What would Beopjeong say?Nearly two weeks have passed since the nation mourned the death of the Venerable Beopjeong. Yet the debate surrounding administrative rights over Bongeun Temple in southern Seoul is intensifying day by day.
The issue started when the Secretariat of the Jogye Order decided to change the status of the temple. During a meeting on March 11, it voted to directly run the temple rather than let it operate autonomously.
Under the new structure, an administrative leader of the order will become the temple’s head monk and directly manages its finances.
Opposition from Bongeun Temple was expected. To that end, the Venerable Myeongjin - who heads the temple - stepped up at a Sunday service and said, “Last November, I heard Grand National Party floor leader Ahn Sang-soo say to Venerable Jasung, an administration leader of the Jogye Order, that ‘you shouldn’t keep a monk who is critical of the administration at a rich temple in southern Seoul.’”
This statement indicates that the decision to put the temple under the direct control of the Jogye Order was influenced by pressure from politicians. Whether Bongeun Temple is run by the Jogye Order or remains autonomous, this is and should be an internal issue for the religious order. We want to know whether there was in fact external political pressure behind the decision.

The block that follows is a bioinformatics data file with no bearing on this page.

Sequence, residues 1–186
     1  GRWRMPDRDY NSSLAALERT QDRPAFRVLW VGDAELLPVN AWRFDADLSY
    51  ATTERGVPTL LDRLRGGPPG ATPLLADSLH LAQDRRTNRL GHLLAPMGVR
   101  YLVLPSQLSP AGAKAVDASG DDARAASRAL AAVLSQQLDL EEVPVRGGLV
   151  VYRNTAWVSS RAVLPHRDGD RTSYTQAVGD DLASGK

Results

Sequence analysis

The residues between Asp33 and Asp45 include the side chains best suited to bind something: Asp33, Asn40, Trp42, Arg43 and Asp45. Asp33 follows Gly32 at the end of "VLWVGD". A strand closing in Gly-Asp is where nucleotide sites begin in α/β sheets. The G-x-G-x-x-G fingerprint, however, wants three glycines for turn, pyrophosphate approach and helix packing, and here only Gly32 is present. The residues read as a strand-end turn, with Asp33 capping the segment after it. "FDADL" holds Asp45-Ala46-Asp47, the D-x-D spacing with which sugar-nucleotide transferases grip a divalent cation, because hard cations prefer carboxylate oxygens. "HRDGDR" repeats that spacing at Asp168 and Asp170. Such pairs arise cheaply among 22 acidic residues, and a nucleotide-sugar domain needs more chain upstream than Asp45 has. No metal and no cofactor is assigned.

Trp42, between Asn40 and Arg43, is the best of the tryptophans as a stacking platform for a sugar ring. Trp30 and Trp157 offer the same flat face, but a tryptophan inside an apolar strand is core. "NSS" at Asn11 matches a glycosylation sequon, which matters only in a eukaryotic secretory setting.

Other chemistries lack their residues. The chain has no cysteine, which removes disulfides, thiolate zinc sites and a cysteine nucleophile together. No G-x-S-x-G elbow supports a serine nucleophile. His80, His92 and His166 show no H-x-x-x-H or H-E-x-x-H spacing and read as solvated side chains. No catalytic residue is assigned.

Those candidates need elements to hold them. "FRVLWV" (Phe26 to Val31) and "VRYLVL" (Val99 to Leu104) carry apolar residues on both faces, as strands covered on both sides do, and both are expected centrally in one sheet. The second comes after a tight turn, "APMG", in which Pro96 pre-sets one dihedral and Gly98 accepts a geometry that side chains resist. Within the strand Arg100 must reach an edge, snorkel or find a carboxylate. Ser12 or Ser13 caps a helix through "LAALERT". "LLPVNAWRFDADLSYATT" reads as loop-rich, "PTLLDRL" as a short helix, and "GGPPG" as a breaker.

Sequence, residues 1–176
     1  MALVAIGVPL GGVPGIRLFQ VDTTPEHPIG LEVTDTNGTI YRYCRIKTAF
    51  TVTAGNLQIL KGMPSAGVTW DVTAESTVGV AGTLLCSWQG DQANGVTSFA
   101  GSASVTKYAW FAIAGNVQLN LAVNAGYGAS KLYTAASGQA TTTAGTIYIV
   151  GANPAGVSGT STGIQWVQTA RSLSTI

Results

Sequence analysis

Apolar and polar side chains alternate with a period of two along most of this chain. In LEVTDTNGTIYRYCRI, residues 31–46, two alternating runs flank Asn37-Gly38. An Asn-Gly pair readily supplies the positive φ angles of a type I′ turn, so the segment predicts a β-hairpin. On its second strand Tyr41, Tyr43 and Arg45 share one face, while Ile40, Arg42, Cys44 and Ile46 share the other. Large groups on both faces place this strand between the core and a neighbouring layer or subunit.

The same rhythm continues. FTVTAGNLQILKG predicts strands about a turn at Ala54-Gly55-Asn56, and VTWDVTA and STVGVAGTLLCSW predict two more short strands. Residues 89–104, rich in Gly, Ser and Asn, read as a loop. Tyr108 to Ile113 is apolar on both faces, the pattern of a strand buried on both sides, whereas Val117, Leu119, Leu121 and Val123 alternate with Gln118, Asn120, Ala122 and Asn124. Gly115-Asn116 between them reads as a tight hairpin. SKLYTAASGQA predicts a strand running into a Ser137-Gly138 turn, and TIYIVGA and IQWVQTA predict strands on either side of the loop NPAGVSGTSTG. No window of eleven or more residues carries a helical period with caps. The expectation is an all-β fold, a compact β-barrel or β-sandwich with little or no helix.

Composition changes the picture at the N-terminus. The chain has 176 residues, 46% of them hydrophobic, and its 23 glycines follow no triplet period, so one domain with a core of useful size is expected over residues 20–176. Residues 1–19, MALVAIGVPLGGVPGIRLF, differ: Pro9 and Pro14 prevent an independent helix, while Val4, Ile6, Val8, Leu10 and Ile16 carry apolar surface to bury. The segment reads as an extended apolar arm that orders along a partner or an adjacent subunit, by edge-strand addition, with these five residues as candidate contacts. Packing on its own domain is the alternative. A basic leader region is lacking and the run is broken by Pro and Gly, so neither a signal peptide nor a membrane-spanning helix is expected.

Many people still vividly remember the fight to become the head monk at Bongeun Temple in 1988. The new head, appointed by the Jogye Order, and the former head each mobilized hundreds of followers armed with steel pipes and wooden sticks, leading to large-scale bloodshed. Many citizens were ashamed of the fight, which many said would have made Buddha cringe.
Of course, the recent incident is different from the one 22 years ago. The Jogye Order Secretariat has stressed that changing the operational structure was inevitable, saying the move will help raise the temple’s status in the order. The process of change is also said to have been legitimate, according to religious laws and regulations. However, Venerable Myeongjin probably has a lot to say about this change. The monks and members of the temple were completely neglected in the decision-making process.
I hope the Jogye Order pursues a smooth solution. I hope its leaders think about what the late Venerable Beopjeong would say if he had witnessed this situation. Venerable Beopjeong once said, “There should be few words in the mouth, few things in the heart and little rice in the stomach.” Should the Buddhist world be causing so much concern among the public with the words of Beopjeong still lingering in our minds?
with the Korea JoongAng Daily
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